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Article
April 11, 1986

Death by Malpractice

Author Affiliations

San Francisco

JAMA. 1986;255(14):1927. doi:10.1001/jama.1986.03370140125038
Abstract

It all began like so many other cases he had managed in his long career. The elderly patient had an incurable cancer, but required a minor surgical procedure to alleviate some troublesome symptoms. Everyone, including the patient, understood that the procedure was to be, at best, a palliative measure designed to make the patient's final few months a little more bearable. And he was a patient who remained as active as possible and who clung to life with all his might. He was blessed with a caring, loving family whose members were unanimous in requesting that the procedure be done. The tumor board recommended it. It was to be routine.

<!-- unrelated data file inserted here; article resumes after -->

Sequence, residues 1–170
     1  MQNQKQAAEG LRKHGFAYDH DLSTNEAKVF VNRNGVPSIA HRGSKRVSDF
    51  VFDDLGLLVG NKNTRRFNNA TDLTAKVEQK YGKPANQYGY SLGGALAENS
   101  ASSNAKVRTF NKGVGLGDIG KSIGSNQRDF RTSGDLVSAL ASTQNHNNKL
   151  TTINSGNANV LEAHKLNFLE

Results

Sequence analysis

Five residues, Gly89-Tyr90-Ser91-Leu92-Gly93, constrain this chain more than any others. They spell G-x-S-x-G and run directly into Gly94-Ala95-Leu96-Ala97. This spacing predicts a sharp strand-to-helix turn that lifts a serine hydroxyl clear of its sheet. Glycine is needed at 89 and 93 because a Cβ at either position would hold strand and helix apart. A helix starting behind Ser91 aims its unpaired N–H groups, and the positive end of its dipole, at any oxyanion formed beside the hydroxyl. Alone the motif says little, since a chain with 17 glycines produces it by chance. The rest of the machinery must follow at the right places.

The surgeon took on the case as a favor to a colleague. He certainly did not need the work. At 63, he was trying to curtail his busy operating schedule. For 30 years he had been the busiest general surgeon

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